Fixed income investors should also be quite pleased. The 2020 total return for the Bloomberg Barclays US Aggregate Bond Index was 7.5%, and for their US 5-10 Year Government/Credit Bond Index, it was even better at 9.7%. Of course, looking forward this needs to be tempered by the recognition that these returns were the result of the pandemic induced collapse of interest rates.

The market’s very strong finish to 2020 is based on the expectation of a quick recovery from the economic impacts of the pandemic during 2021.

Of course, the real question is what will 2021 bring for investors? The best answer I can reasonably give is – I don’t know. But why stop there? Here are some of my general thoughts.

  • It seems likely that an effective vaccination program will be in place soon.
  • Federal Reserve policy is likely to be accommodative until employment and inflation force it to change course.
  • Interest Rates are low and are going to be low for some time – maybe years rather than months.
    • Monitoring the shape of the yield curve may be a good idea.
  • Equity values have become much more volatile in the last few years.
    • This roller coaster ride will likely continue for some time.
    • At the very least prices are ahead of earnings! Earnings will improve, but will it be enough to sustain current price levels.
    • Historic risk measures will continue to suggest higher levels of potential volatility than we saw during the last decade.
  • Fixed income assets will still help stabilize an investment portfolio’s value.
    • But with the current low interest rate environment, bonds will not provide much current income and may have periods of negative total investment returns.
  • Ignoring potential inflationary impacts may be problematic.
    • With current inflation rates of under 2% and interest rates under 1%, purchasing power will steadily decline over time.
    • There is also the possibility that inflation accelerates, fueled by the current monetary and fiscal stimulus. Whether this is a real concern or not, I’ve suggested it as a possibility for some time. Why stop now. [Stopped clocks are right twice a day, and calendars repeat at most every 28 years.]

So, what to do? I listened to a speaker for my continuing education requirements earlier today who basically laid out the same case about the coming year in his response.

  • Short term predictions are awfully hard.
  • Long term forecasts aren’t easy, but more likely to hold up.
  • Therefore, following an investment plan you’re comfortable with and sticking with it, is probably the better course.

I know from the allocation models I built 20 years ago there are times when it seems like making a change is the only thing to do. I have made changes in the underlying investments, but the basic asset allocations have not changed. Since I’ve been following the same four allocation models it still surprises me when I see how similar the returns are over time.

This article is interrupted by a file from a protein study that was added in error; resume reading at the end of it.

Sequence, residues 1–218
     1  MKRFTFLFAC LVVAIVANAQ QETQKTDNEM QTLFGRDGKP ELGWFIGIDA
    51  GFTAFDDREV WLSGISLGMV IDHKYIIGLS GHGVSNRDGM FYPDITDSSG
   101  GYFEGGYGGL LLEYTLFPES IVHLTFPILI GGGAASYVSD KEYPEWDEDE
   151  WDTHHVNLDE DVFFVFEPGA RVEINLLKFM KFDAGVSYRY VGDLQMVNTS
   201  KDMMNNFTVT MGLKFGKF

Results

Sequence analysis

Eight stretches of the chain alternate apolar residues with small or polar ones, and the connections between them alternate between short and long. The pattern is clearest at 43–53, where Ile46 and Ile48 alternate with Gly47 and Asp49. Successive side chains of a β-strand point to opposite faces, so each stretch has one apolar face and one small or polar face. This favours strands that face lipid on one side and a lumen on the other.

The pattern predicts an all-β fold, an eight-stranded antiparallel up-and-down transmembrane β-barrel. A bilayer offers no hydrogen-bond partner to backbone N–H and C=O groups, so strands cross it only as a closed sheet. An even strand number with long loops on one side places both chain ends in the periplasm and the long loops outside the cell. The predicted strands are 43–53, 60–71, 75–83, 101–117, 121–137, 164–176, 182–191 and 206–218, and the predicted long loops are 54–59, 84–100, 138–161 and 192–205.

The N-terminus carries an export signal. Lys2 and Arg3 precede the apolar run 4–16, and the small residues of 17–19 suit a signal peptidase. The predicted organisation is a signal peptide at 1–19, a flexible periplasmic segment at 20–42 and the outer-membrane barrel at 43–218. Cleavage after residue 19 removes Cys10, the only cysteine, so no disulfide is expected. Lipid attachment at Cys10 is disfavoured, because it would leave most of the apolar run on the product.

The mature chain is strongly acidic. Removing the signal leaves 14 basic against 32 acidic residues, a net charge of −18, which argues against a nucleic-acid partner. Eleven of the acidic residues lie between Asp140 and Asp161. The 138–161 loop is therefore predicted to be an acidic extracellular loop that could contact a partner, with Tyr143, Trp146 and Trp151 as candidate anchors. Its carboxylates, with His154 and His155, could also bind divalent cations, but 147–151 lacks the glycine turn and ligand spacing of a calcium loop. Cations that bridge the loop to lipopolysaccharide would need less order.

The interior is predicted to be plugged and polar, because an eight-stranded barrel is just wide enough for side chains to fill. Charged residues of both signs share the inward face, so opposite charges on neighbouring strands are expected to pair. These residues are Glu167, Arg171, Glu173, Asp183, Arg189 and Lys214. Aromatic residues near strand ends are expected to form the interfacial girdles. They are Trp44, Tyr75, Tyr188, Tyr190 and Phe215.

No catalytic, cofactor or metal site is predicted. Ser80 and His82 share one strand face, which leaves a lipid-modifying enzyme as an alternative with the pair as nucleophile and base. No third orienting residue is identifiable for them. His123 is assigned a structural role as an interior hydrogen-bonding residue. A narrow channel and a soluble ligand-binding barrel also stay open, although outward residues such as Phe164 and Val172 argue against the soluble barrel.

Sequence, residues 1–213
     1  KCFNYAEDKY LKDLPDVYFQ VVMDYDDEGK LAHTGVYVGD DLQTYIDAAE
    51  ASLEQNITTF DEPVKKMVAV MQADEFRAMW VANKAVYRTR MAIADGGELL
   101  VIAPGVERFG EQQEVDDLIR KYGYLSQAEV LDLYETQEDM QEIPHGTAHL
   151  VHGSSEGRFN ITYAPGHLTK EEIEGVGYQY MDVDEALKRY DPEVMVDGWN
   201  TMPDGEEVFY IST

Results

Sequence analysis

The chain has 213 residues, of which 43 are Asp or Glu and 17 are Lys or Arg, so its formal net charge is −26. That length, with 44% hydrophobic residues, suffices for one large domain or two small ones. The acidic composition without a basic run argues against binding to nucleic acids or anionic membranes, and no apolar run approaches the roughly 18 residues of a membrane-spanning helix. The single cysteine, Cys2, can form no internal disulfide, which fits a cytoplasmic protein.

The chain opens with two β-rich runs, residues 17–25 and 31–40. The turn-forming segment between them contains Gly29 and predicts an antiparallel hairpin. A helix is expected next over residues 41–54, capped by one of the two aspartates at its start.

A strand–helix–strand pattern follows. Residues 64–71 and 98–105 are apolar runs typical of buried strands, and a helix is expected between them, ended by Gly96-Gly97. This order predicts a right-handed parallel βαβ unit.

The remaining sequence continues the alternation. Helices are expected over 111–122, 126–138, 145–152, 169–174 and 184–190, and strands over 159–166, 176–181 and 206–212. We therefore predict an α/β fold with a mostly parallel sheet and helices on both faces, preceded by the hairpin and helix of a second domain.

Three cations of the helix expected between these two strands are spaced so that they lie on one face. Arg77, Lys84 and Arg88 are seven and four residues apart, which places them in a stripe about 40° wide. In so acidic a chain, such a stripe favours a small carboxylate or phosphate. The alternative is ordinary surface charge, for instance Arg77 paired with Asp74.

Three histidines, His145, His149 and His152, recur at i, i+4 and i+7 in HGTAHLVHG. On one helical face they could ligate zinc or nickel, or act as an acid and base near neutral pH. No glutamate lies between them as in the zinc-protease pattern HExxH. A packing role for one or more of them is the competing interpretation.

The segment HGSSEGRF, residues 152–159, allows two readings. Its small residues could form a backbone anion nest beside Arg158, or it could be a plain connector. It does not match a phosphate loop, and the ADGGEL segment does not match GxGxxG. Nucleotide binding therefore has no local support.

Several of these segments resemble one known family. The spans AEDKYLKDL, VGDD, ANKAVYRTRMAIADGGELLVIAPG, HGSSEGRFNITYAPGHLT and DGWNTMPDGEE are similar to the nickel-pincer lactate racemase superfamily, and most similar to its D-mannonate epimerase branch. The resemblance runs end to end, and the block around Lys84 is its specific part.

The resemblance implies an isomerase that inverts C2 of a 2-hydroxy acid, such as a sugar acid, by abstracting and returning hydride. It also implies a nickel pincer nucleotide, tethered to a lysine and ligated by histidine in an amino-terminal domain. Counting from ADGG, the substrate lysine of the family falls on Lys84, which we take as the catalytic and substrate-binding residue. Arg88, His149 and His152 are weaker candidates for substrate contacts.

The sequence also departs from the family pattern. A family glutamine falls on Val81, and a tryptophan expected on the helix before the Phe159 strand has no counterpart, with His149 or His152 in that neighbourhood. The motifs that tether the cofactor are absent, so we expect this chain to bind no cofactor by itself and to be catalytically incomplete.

So, is this time different? Maybe. But historically, the answer has generally been no. Find an asset allocation you’re comfortable with. Be slow to make changes, unless they are based on changes in your circumstances – not the markets.

Finally, I would be remiss to not mention the political environment. Clearly this is a significant moment for our democratic republic. However, I – maybe naively – believe the country will work through this and move forward

Here’s hoping for a successful and a little calmer 2021!

From today’s WSJ:

 Economy, General Interest  Comments Off on From today’s WSJ:
Apr 202020
 

Prescient or Pollyannaish? Explaining the market’s rally.

Blue chips rallied 2.2% last week despite a parade of grim news such as soaring claims for unemployment insurance and plummeting retail and industrial activity.

Is the stock market telling us something? Could it be fulfilling its role of predicting the future of the economy? Maybe its lulling into a false sense of hope for an economic recovery? Perhaps it is confused and as uncertain about the future as the rest of us!

I believe “To be or not to be” is from one of Shakespeare’s plays. The question today is “prescient or Pollyannaish”?

Not only do we want to know what the new normal is going to be, but as importantly – when?

Wishful Thinking?

 Economy, General Interest  Comments Off on Wishful Thinking?
Apr 142020
 

As ugly as this chart is, I can only hope its at least about right!

I’m confident of a recovery, but this looks a lot more optimistic than seems likely. Although the first stage of the recovery may be pretty strong, I think the remainder will be much more gradual.

Of course, the caveat to any of this is that it is dependent on the health care issues stabilizing. It would appear that amy be the case for some parts of the United States, others may have a long way to go.

So far, the, known, impact has primarily been in developed countries, many of which struggled with managing the health care issues. What happens when it takes hold in the less developed countries, who at best have limited health care abilities?

Let’s hope for the best, but we now know the worst case is possible.

Unemployment – Wow!

 Economy, General Interest  Comments Off on Unemployment – Wow!
Apr 132020
 

The rate of change and disruption caused by COVID-19 is stunning by almost any measure.

The first chart shows the extra-ordinary magnitude of the individuals filing for unemployment insurance the last three weeks.

Whether Google searches are a good leading indicator or not, I don’t know. But, at least for now let’s hope that it can be in this instance. This chart would suggest that number of claims filed may have peaked or will at least start a downward trend.

We will find a ‘new normal’ let’s hope its soon!